ATHENS – Some 33 years after the Berlin Wall was brought down and he world thought that ended a Cold War with Russia, Greek Prime Minister Kyriakos Mitsotakis said the invasion of Ukraine is bringing it back.
He said the invasion that was predicted for weeks by the United States was the “undoing of the regime of peace and security” and brought back “a new cold war that no one knows how it will end.”
Speaking to Alpha TV, he said that, “We did not want this war; the West, the EU and NATO did not want it. Putin chose it and he will pay the consequences and, unfortunately, the Russian people will pay for them. The sanctions are already bringing the Russian economy to its knees and will hurt the weakest.”
That was in reference to Russian President Vladimir Putin making the move to seize Ukraine, which he said wasn’t a country, and trying to revise the world map and history.
“I’m referring to President Putin and not to Russia because I believe that the majority of the Russian people did not want this war. Today Mariupol is under siege. A humanitarian catastrophe is taking place. It is absolutely imperative that hostilities stop now. Russia today is globally isolated,” he continued.
Mariupol is home to ethnic Greeks, 10 of whom were killed when the invasion began and is now besieged as Russian forces are occupying and encircling major cities in Ukraine.
Mitsotakis said that while a convoy of cars with Ukrainians of Greek descent had left Mariupol, “this does not mean that tens of thousands of Ukrainians of Greek descent are not in danger.”
“In this matter, Russia has chosen a tactic of violent bombing, which unfortunately will also mean bombing civilians,” he said, a frustrated Putin pumping up the brutality to deal with stiff resistance.
Mitsotakis said Greece will support EU sanctions, which have exempted two of Russia’s major banks to allow continued access to Russian oil and gas, which brings in as much as 40 percent of that country’s revenues.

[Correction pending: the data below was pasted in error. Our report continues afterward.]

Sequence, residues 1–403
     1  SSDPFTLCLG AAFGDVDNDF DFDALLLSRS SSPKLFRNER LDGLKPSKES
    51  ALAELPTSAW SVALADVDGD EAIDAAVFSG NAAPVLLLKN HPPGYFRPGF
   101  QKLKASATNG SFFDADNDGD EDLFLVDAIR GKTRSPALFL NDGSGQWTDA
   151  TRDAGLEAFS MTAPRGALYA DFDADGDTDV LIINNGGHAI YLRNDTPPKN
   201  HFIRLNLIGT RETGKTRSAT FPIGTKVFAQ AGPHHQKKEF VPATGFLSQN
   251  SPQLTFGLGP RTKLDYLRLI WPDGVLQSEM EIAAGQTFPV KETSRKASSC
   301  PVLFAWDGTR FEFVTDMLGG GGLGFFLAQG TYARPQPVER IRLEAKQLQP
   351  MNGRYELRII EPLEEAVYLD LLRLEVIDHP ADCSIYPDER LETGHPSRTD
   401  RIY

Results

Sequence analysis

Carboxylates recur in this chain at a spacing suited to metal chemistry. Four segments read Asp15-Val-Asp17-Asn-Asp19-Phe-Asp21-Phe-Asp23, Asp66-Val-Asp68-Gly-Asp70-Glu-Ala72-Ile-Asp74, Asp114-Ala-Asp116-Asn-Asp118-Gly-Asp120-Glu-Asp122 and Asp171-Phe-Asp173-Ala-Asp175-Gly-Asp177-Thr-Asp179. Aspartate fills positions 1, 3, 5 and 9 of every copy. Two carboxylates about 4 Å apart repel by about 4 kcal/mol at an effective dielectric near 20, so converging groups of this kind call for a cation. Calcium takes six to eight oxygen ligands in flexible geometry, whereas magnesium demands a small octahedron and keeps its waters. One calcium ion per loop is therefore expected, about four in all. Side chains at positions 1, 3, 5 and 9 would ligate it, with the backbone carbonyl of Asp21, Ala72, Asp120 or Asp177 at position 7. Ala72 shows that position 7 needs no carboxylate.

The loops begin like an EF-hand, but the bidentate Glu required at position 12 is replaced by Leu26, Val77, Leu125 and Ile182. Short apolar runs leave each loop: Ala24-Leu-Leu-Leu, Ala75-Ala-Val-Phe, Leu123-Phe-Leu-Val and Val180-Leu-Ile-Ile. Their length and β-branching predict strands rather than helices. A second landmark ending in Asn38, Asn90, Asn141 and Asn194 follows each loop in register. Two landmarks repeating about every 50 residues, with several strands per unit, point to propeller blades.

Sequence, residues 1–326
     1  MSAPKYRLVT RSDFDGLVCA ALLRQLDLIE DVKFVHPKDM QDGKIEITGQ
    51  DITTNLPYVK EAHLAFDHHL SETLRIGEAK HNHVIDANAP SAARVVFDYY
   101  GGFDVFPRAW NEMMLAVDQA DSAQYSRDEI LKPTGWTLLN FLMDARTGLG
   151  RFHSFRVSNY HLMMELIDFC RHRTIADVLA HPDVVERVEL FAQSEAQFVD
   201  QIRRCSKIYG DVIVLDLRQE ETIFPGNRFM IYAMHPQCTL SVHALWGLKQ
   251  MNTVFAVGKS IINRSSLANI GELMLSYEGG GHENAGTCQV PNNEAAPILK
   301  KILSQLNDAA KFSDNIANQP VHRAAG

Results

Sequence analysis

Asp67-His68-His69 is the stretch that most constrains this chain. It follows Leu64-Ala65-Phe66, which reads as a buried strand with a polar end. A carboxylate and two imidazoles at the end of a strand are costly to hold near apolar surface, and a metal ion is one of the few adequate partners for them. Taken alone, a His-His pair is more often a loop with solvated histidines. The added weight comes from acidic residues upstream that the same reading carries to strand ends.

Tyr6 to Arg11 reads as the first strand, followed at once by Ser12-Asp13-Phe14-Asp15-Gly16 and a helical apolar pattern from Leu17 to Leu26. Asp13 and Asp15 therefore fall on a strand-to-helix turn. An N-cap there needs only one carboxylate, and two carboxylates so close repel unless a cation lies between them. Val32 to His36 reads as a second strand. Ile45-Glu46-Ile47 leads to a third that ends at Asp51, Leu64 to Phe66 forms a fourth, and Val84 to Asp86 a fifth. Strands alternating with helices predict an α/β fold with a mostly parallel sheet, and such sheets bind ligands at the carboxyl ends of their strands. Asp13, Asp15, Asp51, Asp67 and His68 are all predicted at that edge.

ARMS FOR UKRAINE
Greece also took the bold step of sending military defense equipment to Ukraine which he said was “morally correct and a national imperative.”
He added: “With what moral standing could we ask for such assistance if we were in a similar situation. We had a reason to be on the right side of history.”
With worry that Turkey will take the chance to consider moving against Greece as President Recep Tayyip Erdogan said he covets return of islands ceded to Greece under the 1923 Treaty of Lausanne, Mitsotakis said he thought though that “Turkey will reconsider its rhetoric”instead.
He said he would agree to meet with Erdogan, who has alernated between offering diplomacy with threats, including that it would be a cause for war if Greece doubles its seas limits from 6 to 12 miles.
“I believe that is a common feeling for such a meeting. We are two countries that make up the southeastern wing of NATO. It could be a trigger for lowering the tone. The rhetoric of revisionism is ‘out’ in the international climate,” said Mitsotakis.
Mitsotakis said Greece would reduce its dependence on Russian through the importation of liquefied natural gas (LNG), which will be fed into the national grid through gas regasification stations, including one being built in Alexandroupoli near Turkey’s border, with more being planned.
“This is the path we must follow and we have the ability to turn the crisis into an opportunity and make Greece an energy hub,” he said, the country still reliant on coal to generate electricity and power.
“I had a discussion today with the Egyptian President. We want to install a Greek-Egyptian electricity cable. This means that we will be able to get very cheap electricity from Egypt, which will be produced by the sun. Egypt can, for obvious reasons, produce this energy even cheaper than we do,” he said.
He said he also expected Greece to “become the gateway to Europe for hydrogen, which will become the new form of energy,” although that has seen Turkey trying to get in on the act now.